Lenny and Merlin

It was 1980 and I had rented a railroad apartment for two months in Greenwich Village to attempt to do business in New York City. I was a collectables dealer from London and Paris and had introductions to some of America's top collectors who lived in and around New York. I was also bringing collectables from Europe to exhibit and sell at Madison Square Gardens.

I was introduced to Lenny Schnier by America's top playing card collector Gene Hockman who invited me to his New Jersey home to stay the night and see his vast and important American playing card collection which also included tarot packs. I was already involved in the world of magic and illusion, a step away from tarot and cartomancy and had playing card clients in London and Paris. 

Gene collaborated with the professional poker player Lenny Schnier and thus I was invited to his apartment where he lived with his partner the delightful Merlin Stone. I got on well socially with both of them but as Lenny was my client, I never got to know Merlin. She was pensive kind and charming. How could I know that she was a pioneer in her written Feminist work and author of a ground breaking book?  I just recall she said she was an artist and sculptor. If only I had known but then my contact was with the  adorable eccentric Lenny, not with Merlin. 

His whole life was playing poker professionally. I had had a close friend in London, Maurice Sumray the artist, who was also a professional poker player playing mainly at Crockfords but not at Lenny's level. When it came to paying his tax Maurice would go to the tax office and hand over his little black book with his winnings which were tax free. He just told the officer to work it out for his tax returns. They could never refuse!!!

I remember the large posters Lenny published of enlarged French Monte Carlo gambling postcards. He gave me some samples with roulette wheels, devils and playing cards hoping I would interest playing card and conjuring collectors back in London and Paris.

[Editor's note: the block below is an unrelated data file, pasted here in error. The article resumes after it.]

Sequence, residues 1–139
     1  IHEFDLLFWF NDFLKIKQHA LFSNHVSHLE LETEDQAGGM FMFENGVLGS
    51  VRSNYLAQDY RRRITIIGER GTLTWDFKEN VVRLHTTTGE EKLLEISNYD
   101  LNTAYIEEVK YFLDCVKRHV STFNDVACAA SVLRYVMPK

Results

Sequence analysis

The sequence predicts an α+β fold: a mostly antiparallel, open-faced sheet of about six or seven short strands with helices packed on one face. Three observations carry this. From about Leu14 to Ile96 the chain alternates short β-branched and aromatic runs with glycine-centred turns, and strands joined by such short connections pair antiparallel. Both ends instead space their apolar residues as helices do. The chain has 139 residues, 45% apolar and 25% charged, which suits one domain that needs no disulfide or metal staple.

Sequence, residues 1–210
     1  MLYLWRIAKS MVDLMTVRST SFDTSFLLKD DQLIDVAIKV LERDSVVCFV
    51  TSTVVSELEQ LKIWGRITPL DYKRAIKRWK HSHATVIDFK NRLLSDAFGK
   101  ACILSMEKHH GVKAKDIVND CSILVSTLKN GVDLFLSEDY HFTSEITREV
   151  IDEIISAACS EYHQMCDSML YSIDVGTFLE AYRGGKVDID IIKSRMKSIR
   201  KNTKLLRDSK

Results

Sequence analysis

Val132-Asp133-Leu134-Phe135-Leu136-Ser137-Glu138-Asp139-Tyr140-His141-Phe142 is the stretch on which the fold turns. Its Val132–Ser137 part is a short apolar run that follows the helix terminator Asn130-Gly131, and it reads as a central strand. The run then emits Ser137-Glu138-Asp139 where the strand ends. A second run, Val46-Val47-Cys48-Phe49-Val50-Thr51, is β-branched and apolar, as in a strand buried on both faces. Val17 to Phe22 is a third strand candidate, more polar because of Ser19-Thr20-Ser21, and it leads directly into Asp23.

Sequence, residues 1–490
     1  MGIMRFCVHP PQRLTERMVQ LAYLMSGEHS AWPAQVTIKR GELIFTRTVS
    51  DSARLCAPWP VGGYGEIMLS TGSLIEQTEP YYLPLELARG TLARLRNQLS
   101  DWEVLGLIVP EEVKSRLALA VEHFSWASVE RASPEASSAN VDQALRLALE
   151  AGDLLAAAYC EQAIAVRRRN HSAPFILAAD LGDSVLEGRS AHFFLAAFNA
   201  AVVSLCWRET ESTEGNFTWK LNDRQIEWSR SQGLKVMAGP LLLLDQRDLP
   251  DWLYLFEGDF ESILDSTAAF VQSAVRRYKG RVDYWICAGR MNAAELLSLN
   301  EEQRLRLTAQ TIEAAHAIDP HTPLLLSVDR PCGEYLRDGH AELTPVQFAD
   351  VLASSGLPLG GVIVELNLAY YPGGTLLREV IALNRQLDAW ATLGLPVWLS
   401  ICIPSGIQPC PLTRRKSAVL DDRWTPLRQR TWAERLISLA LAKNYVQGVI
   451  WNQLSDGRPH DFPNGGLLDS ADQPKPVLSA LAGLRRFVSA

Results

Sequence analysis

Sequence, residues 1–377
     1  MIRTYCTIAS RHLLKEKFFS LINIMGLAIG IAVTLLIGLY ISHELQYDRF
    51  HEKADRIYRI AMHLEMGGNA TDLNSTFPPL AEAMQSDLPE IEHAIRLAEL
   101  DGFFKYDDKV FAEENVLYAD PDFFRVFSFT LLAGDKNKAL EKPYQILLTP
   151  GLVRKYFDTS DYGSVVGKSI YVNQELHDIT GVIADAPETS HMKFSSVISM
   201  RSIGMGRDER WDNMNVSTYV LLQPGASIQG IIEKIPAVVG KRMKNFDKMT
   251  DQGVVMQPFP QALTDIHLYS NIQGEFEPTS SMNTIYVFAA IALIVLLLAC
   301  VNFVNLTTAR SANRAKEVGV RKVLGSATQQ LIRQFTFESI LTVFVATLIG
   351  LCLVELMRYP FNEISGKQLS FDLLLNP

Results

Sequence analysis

His apartment was like a gaming museum. Slot machines and showcases with card related objects like ashtrays with playing cards on. Posters on the walls so there was no space left. He had a large collection, bien sur, of rare playing cards and gambling accessories. There was hardly room to sit down let alone swing a cat. In fact I only recall the lounge-cum-showroom and a sofa because I took lots of photos and Lenny took one of me sitting on the sofa wearing a 1978 burgundy embroidered midi Afghan wedding dress. 

One night he took me an illegal joint just like in the film noir movies from the 40s. We went into what looked like an abandoned building, went up in a rickety noisy lift and arrived before an iron security door. Lenny knocked on the door making a resounding metal sound in what was the rhythm of a code. The window slid open so that the bouncer could see who had arrived, then with a nod and a wink, we entered into the smokey den of iniquity. Lenny did not get involved with the cards that night, he went just to show me the underbelly of New York. Slimy looking gangster style men nodded to him as he was obviously a regular. I recall Lenny wore a hat and looked like a gangster himself!

I made two trips to New York, 1980 and 1982 and I was not to return to see my old colleagues and ex-clients until 30 years later. I completely forgot about Lenny although somehow I knew Merlin had died. I would love to know what happened to his collection after he wrote his book on gambling collectables. Somehow I don't think he took them with him when he left New York for good to retire to Daytona Beach and devote the rest of his life keeping the memory of his Goddess Merlin alive by creating a foundation. 

My most interesting collectables clients were from America and like Lenny, I think of them fondly.

Written in the Spot Hotel, Old Rhodes Town on 21/4/17.


Gambling collectibles - A sure winner by Leonard Schneir
Wikipedia - Merlin Stone
Merlin Stone remembered - Amazon
Merlin Stone - When God was a woman - Amazon
Gene Hochman  - American Encyclopaedia of American playing cards